Warning signs after a liver transplant
What to watch out for after a liver transplant and when to seek medical advice
- Common issues you might experience are rejection, infection and bile duct complications
- Problems are often first detected through blood tests or routine biopsies at your clinic appointments
- Make sure you attend all your scheduled appointments so your transplant team can monitor your progress
When to seek medical advice
Please contact your transplant team if you experience any of the following:
- A high temperature of 38 degrees C or above
- Jaundice (yellowing of the skin or eyes)
- Pain in your abdomen (tummy)
- Feeling hot and shivery
- Severe headache
- Shortness of breath
- New chest pain
- Fatigue or generally feeling ‘rough’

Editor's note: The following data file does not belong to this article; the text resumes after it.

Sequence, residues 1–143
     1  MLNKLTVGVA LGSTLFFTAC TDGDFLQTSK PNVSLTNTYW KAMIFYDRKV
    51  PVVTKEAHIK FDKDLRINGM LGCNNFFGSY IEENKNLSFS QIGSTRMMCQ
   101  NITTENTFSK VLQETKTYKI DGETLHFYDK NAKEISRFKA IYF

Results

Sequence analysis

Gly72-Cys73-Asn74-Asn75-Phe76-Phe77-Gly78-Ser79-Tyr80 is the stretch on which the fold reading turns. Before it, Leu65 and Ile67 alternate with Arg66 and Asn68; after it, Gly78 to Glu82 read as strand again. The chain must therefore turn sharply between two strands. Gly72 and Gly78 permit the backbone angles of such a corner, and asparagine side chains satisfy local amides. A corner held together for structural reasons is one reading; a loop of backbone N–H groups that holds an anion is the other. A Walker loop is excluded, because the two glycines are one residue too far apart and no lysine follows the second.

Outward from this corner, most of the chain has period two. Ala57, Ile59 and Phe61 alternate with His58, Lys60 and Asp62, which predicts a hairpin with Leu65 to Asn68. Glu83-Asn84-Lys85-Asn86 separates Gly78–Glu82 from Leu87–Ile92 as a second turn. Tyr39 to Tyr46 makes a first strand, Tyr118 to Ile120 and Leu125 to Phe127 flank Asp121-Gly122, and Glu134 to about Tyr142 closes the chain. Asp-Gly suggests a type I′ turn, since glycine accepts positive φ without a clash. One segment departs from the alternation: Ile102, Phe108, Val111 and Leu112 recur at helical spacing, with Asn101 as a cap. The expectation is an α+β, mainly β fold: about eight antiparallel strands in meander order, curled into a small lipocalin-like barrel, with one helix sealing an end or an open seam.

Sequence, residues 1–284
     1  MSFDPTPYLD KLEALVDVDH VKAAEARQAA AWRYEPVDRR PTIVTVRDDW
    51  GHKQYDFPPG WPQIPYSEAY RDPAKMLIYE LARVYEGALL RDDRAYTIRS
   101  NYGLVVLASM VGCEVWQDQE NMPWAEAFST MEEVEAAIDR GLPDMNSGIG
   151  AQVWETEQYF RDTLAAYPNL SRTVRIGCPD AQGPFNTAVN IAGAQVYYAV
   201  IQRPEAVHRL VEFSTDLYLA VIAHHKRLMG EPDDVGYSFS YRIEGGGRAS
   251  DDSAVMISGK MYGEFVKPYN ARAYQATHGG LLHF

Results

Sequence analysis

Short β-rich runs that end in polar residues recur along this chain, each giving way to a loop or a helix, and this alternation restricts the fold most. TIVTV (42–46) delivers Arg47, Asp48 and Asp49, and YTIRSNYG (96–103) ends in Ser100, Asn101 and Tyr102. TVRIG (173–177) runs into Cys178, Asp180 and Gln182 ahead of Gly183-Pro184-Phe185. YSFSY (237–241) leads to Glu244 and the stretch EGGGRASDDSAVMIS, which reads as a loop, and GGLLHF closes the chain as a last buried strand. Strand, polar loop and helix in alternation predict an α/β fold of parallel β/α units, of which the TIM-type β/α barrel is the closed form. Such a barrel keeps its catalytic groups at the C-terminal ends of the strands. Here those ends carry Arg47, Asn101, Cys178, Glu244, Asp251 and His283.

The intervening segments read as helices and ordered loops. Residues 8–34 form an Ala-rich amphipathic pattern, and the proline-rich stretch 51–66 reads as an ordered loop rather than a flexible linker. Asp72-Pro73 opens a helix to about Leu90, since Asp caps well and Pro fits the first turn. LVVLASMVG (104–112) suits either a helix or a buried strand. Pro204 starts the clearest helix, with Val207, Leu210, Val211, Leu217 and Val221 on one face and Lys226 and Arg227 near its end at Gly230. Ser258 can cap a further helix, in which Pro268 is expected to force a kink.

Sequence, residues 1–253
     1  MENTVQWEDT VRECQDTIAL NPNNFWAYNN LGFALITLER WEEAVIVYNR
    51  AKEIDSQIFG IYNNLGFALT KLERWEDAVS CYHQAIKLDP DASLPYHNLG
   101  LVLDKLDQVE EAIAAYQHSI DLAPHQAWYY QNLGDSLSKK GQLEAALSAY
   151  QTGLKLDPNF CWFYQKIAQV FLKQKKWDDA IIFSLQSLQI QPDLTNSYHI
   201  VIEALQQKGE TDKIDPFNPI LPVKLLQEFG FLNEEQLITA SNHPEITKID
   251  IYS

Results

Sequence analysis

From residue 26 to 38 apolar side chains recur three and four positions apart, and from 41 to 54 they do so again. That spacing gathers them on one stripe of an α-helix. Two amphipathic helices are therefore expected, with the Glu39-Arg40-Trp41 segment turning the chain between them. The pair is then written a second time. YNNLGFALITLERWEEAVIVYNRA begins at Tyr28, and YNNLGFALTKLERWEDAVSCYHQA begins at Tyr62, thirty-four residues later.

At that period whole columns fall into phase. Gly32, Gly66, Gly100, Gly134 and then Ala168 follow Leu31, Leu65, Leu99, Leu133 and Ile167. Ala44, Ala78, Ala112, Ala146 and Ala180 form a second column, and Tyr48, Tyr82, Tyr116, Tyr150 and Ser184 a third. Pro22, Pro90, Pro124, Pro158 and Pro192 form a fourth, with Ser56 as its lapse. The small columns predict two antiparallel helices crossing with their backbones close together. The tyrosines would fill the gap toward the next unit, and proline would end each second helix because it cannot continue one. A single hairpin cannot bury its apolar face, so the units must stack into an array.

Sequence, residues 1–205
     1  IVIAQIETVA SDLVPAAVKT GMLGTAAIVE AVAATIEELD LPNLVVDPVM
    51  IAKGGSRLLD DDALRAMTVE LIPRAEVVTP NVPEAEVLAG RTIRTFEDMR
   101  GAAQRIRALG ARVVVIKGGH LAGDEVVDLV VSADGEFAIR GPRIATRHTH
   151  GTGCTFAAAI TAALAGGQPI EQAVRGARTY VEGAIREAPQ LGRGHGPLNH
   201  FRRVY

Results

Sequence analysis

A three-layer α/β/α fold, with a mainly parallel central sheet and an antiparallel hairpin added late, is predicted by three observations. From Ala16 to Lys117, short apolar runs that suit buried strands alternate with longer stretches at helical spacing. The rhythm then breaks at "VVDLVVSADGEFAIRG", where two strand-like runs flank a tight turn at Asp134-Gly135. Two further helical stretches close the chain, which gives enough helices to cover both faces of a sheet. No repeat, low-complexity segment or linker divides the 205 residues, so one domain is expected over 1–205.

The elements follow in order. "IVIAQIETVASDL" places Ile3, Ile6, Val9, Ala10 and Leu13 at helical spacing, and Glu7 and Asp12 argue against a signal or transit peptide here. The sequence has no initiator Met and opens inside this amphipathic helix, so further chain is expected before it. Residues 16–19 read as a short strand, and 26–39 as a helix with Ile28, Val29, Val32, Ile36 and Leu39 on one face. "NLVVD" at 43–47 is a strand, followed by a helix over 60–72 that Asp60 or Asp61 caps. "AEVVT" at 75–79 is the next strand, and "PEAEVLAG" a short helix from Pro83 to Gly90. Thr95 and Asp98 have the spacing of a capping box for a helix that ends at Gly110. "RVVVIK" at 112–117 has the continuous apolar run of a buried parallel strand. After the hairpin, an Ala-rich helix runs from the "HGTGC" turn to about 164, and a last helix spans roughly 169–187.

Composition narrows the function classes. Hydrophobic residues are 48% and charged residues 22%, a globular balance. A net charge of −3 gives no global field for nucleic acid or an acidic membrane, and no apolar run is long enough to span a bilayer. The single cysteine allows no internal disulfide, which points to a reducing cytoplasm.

- Little or no urine
Make sure you attend all your clinic appointments
Often early signs of liver rejection are picked up through blood tests at your regular clinic visits. This is why it’s so important to attend all your appointments.
Rejection is your body’s response to having a transplanted liver. The immunosuppressant medicines will help to stop you rejecting the organ. But many transplant patients still experience rejection. This is usually mild and can be treated with different medications.
Infections are very common immediately after surgery. Infections can also occur in the months or years after a transplant. This is partly due to the immunosuppressant medicines that lower your immune system. Chest and urinary infections are the most common infections and can be treated with antibiotics and antivirals. Serious infections are rare.
Bile duct problems
Bile duct are small ‘drainage pipes’ that run throughout your liver. They carry digestive juices (bile) from your liver to your gall bladder and small intestine. Around 15-20 in 100 patients develop bile duct complications after a liver transplant.